For an author the conclusion is a tricky section to write, be it in a thesis or an article. The two pitfalls that one has to avoid are to repeat what has already been said in the preceding sections and not to respond to the questions “so what ?” and “now what?”. The conclusion section is the place where one must describe what our findings imply for policy and practices at an operational level. At this stage one must not forget either to situate our article in the extant literatures. In conclusion the pillars of the conclusion section should be:
practice and policy implications,
place in the literature ,
weakness and further research to be done.
The two consecutive posts in the blog “patter” on the subject are worth to be read.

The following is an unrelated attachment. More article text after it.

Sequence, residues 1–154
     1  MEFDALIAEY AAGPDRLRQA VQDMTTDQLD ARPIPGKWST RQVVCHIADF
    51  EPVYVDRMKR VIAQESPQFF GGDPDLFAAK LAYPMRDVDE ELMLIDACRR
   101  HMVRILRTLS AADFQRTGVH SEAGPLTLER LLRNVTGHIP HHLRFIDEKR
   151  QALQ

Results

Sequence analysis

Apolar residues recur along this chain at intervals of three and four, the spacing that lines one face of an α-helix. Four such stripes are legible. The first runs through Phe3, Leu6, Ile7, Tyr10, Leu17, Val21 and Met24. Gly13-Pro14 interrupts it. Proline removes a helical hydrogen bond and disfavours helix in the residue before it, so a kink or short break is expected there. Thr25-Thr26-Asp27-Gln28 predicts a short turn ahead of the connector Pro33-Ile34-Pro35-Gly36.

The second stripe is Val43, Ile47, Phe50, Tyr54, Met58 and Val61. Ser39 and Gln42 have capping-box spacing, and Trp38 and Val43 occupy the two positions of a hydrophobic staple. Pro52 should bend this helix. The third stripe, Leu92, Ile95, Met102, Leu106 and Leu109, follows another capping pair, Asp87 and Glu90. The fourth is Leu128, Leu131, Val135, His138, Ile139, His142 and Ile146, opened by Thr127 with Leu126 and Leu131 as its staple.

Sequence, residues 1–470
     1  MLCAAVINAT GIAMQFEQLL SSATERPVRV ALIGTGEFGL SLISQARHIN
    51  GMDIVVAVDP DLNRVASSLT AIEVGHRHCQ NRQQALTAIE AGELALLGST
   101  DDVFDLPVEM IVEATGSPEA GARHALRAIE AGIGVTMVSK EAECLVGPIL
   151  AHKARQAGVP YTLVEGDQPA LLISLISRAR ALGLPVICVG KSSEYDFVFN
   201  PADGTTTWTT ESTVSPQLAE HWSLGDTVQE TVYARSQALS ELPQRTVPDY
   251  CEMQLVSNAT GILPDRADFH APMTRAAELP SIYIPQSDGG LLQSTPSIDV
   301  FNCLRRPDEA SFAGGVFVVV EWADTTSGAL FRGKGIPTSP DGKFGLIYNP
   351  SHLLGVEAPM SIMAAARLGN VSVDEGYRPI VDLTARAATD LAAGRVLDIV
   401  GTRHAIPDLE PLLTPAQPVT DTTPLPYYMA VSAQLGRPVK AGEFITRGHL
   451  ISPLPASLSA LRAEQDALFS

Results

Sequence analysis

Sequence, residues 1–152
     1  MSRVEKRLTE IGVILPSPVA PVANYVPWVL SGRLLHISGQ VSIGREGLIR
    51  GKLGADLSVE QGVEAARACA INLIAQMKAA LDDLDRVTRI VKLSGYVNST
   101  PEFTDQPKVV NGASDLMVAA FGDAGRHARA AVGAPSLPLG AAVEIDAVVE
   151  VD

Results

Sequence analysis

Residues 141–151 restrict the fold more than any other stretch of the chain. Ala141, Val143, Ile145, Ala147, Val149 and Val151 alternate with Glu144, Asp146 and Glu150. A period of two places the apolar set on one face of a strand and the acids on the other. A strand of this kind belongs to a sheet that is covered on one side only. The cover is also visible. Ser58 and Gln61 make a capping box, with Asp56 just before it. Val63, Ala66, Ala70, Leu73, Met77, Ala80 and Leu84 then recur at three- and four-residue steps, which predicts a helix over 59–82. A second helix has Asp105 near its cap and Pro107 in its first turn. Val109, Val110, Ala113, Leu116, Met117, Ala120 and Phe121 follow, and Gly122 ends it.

Any of you who watch cooking programmes will know the cheffy talk about mise-en-place. It’s a term used to describe all the various kinds of preparation that need to be done in order to whip up something that can be described as “freshly cooked to order”. In reality many restaurant meals have components that are precooked and cut into the right portion sizes – they need only to be added, heated, stirred and assembled, with a minimum of actual cooking time between order and service. That you don’t have to wait too long for your food is down to lots of mise-en-place.
The notion of mise-en-place is also helpful in thesis writing. There is a lot of preparation than can be done before a draft text is begun. And just as in cooking, the more preparation you do, the quicker and less painful the actual writing time involved.
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